We’ll admit it’s practically impossible to count every book that has ever been written, but in order for Google Books to successfully catalogue the world’s supply of printed knowledge, the company needs an estimate of the amount of books it needs to scan. That’s why Google set out on the task to do just that.
|well I own a few hundred of those 129,864,880 books|
Google admits their definition is imperfect, but it’s workable and similar to what ISBNs are supposed to represent. ISBN, or International Standard Book Numbers, are designed to be unique identifiers for books. Because they’ve only been around for 30-40 years and are used in mostly Western countries, they can’t be used by themselves. That’s why Google took data from the Library of Congress and others to find as many books as possible — one billion raw records by the company’s count.
Here’s where Google’s engineering talent comes into play. The company used countless algorithms to determine and discard duplicates in an effort that required more than 150 pieces of metadata related to the world’s books to evaluate whether each book record was unique or a duplicate of another. Analyzing this data resulted in 210 million unique books.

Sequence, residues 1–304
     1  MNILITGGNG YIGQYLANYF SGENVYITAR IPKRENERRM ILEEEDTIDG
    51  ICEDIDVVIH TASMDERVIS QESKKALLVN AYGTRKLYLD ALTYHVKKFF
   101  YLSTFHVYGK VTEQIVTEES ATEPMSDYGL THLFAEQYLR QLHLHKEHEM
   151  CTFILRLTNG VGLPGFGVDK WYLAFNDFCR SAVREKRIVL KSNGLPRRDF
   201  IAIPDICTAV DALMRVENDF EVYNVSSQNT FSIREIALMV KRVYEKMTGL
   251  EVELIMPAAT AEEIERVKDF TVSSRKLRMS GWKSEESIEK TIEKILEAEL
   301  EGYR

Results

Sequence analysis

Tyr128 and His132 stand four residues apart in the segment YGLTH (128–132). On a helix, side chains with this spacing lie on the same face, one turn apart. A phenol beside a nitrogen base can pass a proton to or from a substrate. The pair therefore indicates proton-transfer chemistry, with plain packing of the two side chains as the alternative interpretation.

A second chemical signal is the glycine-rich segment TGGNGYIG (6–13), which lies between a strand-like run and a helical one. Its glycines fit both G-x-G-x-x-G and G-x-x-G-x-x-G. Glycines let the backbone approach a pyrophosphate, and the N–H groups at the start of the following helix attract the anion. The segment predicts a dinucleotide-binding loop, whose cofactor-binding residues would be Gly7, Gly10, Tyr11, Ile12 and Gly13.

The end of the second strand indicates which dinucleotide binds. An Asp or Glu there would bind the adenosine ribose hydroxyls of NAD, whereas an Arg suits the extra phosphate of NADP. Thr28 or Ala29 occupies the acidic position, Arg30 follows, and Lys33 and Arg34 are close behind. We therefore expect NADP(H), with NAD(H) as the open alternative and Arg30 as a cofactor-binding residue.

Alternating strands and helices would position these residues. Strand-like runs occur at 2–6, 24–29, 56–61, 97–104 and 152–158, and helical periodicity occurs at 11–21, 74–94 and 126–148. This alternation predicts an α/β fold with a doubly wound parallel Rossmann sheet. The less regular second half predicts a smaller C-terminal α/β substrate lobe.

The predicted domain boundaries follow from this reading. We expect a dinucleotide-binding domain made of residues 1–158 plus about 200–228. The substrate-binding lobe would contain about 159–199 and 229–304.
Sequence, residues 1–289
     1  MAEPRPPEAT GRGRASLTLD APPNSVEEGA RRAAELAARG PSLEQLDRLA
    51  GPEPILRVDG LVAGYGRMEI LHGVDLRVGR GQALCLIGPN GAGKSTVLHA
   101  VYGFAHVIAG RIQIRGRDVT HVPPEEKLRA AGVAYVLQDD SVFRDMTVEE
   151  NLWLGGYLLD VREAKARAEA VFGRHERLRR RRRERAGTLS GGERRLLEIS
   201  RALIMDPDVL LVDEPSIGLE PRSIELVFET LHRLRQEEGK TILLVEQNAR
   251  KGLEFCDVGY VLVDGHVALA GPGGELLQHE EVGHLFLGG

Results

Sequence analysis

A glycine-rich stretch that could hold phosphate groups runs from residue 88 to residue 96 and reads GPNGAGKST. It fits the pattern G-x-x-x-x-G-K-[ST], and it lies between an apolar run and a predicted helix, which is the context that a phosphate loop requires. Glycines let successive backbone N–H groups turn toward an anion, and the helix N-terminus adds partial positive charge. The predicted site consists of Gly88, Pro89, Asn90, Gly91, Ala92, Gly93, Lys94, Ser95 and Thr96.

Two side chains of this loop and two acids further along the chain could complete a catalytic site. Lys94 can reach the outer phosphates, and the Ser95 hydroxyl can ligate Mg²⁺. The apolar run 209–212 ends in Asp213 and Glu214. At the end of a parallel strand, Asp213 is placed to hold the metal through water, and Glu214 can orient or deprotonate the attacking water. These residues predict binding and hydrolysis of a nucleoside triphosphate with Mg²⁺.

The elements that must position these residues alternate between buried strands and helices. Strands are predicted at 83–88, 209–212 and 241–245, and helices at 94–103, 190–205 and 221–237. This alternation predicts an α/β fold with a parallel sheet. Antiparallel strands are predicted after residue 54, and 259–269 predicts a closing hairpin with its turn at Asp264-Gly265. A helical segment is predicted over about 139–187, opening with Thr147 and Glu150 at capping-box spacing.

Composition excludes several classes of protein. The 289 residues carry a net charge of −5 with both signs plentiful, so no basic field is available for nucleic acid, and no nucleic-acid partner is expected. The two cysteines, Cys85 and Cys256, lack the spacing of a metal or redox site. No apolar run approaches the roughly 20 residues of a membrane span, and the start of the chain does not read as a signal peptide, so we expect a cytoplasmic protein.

Next, Google subtracted the millions of microforms, audio recordings, maps, t-shirts, turkey probles (yes, turkey probes) and videos with IBSNs, arriving at a much more reasonable number of 146 million. Finally, the company removed 16 million government document volumes from their estimate, getting to the 129.8 million count they announced today. Of course, publishers are issuing new books even as this post is being typed, so the company is constantly recalculating the book count. CHECK OUT THE DETAILED GOOGLE BOOKS BLOG POST HERE